In considering the sales of Wright-designed houses, we have noticed some interesting, but related, trends: 1) Issues concerning the valuation of Wright-designed houses are beginning to arise more often; 2) Wright-designed properties tend to remain on the market for longer periods of time; and 3) The appetites of prospective buyers to take on large-scale restorations is diminishing. These three issues are, of course, all directly related to the state of the national economy at the time of sale of the given property. And the majority of Wright-designed houses on the market are priced in the luxury segment of the market at asking prices of $500,000 or higher, a category that was particularly hard hit in the most recent real estate downturn. However, if we put the national economic and larger market conditions aside for the purpose of this discussion, we think there are still some fundamental and relevant observations that can be shared that might be helpful to those who are considering the sale of their Wright-designed properties.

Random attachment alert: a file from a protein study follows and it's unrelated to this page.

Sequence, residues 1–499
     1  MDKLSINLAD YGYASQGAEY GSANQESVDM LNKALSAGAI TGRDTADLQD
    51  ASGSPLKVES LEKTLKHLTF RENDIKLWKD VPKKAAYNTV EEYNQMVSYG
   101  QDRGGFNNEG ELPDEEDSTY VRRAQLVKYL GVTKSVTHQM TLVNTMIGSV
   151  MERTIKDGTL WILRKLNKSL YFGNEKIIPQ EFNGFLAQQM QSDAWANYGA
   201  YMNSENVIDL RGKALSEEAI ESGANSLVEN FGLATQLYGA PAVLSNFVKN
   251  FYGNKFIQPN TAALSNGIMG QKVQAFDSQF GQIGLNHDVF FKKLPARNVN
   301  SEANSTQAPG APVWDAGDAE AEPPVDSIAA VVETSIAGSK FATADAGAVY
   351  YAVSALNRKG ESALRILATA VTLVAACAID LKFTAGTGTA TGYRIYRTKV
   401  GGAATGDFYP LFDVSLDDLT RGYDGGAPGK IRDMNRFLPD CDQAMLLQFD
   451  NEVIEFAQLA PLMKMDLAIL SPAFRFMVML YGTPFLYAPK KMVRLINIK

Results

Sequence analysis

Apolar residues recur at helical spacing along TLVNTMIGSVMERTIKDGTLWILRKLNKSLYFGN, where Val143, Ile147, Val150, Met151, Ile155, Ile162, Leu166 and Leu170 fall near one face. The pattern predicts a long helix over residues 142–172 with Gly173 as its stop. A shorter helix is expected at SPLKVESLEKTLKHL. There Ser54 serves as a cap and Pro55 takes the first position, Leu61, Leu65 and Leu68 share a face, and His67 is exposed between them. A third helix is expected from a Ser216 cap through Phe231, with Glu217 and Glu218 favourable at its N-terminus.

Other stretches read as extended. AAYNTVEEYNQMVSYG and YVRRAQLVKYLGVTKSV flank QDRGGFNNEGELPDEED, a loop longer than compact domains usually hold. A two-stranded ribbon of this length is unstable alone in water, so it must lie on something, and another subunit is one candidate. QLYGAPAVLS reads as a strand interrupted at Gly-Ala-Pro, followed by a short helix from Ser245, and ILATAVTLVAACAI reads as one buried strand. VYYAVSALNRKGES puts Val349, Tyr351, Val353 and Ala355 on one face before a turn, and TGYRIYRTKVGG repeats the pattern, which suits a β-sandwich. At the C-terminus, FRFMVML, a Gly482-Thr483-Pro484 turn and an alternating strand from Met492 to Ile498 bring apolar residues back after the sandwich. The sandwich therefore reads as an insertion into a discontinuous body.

The Wright House Relative to the Market: Establishing a Premium